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 Imagine you need something in your walk-in closet. The door swings into the closet and what you need is on the wall behind the door, so now you have to close yourself into this small room to get the door out of the way so you can reach what you want. Feel cramped?

Or, you're wrestling with the bifold doors on your reach-in closet and when you finally get them open the darn things are in the way and you can hardly see into the corner, let alone reach around them to get what you need. You'd like to squash the door flat into the jamb to get it out of your way--which is probably the reason it doesn't work so smoothly anymore!

Sound familiar.personal faves 004.jpg

The wrong door can make even the best organized closet difficult to use. The key to choosing the right door is to consider how the style and swing of the door impacts your access to the clothing in your closet. The door style is often chosen by the builder who may not be thinking about the details of your closet system in the rush to complete a new home. If you are building or remodeling, think carefully about your closet doors in the planning stages. And if you are stuck with a less than ideal closet door,  it's not hard to install a new door. Most doors, regardless of their style fit in the same size rough opening. It may be worth the expense to eliminate a daily source of aggravation by changing your door style.

Here are some tips to think about when choosing your closet doors. You can find more about doors and closet planning in our Closet Planning Guide.

Walk-in Closets: It is important to consider the door swing in a walk-in closet. Unless the closet is fairly large, it is best to have the door swing out into the room rather than into the closet. A door that opens into a small walk-in may block access to items, requiring you to close yourself into the closet to get to your clothing on the wall behind the door. An in swinging door may also limit how much of the closet space is usable for shelves and hanging. An out-swing door may be left open allowing for free access to all shelves and may also let in some natural light.

Pocket doors are great for a walk-in. You won't have any space restricted on any walls because of door swing. The downside is that they can be a pain to adjust or repair if they don't slide properly. Don't scrimp on the hardware.

Reach-in Closets:  Whether it's a closet for clothing, pantry, linens or utility, the type of door you use can have a tremendous impact on accessibility to what's inside. There are pros and cons to every door style. Choose the one that offers the best use of space and the least amount of compromise to accessibility.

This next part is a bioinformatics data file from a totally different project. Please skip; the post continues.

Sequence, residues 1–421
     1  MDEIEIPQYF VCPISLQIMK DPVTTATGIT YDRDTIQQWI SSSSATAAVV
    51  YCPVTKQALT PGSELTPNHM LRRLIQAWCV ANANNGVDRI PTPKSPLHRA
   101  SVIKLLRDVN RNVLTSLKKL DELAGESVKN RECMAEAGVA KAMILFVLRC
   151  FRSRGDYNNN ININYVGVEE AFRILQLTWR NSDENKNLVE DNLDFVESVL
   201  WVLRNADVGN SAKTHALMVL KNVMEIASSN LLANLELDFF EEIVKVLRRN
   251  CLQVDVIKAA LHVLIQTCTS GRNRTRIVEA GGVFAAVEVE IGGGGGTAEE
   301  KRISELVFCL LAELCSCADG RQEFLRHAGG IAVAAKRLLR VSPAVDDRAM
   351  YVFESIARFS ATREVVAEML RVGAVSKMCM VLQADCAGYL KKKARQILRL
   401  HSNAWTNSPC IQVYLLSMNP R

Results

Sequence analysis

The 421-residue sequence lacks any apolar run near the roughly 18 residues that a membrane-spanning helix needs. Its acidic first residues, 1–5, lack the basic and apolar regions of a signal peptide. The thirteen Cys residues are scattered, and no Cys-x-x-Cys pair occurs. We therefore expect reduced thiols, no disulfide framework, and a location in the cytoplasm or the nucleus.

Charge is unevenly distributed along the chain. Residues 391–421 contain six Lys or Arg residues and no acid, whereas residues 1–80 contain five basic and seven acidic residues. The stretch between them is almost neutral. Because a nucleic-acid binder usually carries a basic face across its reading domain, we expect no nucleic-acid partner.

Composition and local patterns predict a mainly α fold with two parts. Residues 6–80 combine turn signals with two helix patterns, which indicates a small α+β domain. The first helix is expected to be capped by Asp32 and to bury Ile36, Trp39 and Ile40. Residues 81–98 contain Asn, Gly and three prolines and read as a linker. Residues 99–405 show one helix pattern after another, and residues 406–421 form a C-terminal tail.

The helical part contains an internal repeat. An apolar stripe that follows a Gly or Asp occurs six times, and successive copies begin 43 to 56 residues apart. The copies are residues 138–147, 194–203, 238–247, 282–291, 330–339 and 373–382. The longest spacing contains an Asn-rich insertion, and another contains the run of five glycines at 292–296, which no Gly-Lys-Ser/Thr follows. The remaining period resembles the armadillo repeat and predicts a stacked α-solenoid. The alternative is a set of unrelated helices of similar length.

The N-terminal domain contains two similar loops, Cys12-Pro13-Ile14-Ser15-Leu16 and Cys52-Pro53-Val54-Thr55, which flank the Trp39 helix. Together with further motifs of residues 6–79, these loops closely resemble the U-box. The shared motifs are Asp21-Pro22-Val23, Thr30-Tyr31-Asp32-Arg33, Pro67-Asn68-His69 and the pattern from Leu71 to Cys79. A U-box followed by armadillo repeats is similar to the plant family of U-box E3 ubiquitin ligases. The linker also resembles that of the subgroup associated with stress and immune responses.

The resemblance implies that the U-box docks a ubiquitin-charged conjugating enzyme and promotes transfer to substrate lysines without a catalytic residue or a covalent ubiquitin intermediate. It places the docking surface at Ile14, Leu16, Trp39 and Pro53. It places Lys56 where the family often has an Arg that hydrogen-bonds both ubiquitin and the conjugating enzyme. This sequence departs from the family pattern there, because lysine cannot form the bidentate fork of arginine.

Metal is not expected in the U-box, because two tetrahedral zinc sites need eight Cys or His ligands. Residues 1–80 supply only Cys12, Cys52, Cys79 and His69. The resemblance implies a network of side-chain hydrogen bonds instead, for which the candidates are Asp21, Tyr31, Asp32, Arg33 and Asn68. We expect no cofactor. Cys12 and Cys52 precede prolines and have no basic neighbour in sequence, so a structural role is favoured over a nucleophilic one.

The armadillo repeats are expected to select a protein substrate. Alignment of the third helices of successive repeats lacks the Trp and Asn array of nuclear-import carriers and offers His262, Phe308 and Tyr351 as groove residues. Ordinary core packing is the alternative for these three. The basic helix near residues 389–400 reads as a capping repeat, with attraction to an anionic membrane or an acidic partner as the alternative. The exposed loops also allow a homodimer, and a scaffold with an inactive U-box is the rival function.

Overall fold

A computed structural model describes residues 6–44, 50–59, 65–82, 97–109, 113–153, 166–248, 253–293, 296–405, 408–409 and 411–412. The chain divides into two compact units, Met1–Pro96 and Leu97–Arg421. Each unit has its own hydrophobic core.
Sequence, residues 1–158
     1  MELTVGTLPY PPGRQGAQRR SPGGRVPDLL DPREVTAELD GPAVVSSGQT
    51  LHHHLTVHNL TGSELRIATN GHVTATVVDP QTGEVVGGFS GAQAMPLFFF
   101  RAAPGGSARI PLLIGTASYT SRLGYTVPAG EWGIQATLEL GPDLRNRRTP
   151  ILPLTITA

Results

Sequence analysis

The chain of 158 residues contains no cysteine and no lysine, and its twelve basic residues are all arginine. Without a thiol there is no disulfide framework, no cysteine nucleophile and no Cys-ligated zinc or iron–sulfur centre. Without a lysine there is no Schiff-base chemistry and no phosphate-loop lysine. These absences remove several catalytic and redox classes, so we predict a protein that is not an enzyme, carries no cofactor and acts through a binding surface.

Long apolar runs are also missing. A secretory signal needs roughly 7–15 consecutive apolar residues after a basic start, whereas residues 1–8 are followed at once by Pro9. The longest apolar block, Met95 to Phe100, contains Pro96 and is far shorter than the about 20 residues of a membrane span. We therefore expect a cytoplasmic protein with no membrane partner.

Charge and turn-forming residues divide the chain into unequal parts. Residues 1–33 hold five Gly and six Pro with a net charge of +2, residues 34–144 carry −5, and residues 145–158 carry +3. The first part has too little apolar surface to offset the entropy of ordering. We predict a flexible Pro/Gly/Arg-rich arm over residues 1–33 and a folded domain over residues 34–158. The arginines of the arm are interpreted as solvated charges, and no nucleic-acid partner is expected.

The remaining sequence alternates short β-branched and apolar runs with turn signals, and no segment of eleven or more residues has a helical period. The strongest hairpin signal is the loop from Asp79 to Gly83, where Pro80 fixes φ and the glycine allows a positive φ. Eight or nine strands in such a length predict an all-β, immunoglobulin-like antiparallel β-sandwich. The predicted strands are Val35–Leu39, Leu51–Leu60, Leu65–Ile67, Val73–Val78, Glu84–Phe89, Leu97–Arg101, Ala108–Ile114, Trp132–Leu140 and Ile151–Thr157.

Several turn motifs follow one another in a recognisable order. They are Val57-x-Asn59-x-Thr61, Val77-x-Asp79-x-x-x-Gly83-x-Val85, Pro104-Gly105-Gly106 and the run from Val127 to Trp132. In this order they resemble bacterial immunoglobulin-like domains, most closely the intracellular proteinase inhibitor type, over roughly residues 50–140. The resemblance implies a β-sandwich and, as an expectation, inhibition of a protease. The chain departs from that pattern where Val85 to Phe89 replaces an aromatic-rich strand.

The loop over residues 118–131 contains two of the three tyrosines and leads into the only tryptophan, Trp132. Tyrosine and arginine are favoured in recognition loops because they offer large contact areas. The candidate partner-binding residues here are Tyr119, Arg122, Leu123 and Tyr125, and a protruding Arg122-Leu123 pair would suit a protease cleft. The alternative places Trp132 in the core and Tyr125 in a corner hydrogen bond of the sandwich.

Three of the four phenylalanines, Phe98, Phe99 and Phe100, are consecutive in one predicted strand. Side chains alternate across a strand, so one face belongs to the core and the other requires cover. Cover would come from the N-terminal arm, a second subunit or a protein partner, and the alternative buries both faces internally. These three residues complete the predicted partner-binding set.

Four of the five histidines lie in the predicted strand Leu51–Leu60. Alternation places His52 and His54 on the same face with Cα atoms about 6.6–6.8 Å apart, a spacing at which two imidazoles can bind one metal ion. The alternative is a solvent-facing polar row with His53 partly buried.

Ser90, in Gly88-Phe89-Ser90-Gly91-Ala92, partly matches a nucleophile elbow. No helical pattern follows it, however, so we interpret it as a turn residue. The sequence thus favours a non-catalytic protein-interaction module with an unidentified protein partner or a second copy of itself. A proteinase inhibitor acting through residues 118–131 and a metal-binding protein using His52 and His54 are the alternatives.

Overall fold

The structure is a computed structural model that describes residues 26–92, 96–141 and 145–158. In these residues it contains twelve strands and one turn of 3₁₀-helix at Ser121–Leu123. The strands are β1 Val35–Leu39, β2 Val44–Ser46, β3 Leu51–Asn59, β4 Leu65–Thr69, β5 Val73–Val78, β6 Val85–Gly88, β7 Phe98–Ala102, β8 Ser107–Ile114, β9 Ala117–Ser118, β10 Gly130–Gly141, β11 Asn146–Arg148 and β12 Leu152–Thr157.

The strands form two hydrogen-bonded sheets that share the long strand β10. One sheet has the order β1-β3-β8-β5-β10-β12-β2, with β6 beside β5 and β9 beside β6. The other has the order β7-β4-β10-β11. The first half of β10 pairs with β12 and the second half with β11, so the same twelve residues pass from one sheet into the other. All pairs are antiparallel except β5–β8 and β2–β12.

• Double out-swing doors (like French doors): This is the best choice for closet accessibility provided you have the space in the room for the doors to swing. There is nothing to obstruct your view or your reach at the jambs. Another real plus is that this style of door will not have the operating issues that bifolds and sliding doors do.  Hinged doors work flawlessly for years and years, and are easily repaired if a problem occurs.
  • Bifold Doors: Bifolds can often solve a space problem when your closet is in a tight spot with no room for swinging doors. The downside is that they take up 8" to 10" of space at the jamb when folded open, possibly obstructing access to the inside corners of your reachin closet. Probably the most common complaint I hear about closet doors when consulting in client's homes is that their bifold closet doors are broken or difficult to operate.
  • By-pass Sliding Doors: Like bifolds, sliders solve a space problem when there's no room to swing a door. The disadvantage is that you can only access one half of your closet at one time. Then you need to slide both doors out of the way to access the other half. Somewhat of a chore. This can be a  challenge when designing closet components. You try to group similar items on each side of the divide, like clothing on one side and shoes and accessory items on the other. Sliding doors are also prone to problems like coming off the track or binding so they are hard to slide. Proper installation is the key to fewer operational problems.

When bringing design elements together in a building or remodeling project things often don't mesh the way we like. Compromise is always a part of a project. The trick is to thoughtfully evaluate all of the possibilities and then to choose the best option available.